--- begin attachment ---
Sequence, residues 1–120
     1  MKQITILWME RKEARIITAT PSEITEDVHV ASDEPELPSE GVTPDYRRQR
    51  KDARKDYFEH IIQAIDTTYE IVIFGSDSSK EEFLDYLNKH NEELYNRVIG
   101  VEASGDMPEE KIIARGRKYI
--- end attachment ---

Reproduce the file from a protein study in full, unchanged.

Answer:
Sequence, residues 1–120
     1  MKQITILWME RKEARIITAT PSEITEDVHV ASDEPELPSE GVTPDYRRQR
    51  KDARKDYFEH IIQAIDTTYE IVIFGSDSSK EEFLDYLNKH NEELYNRVIG
   101  VEASGDMPEE KIIARGRKYI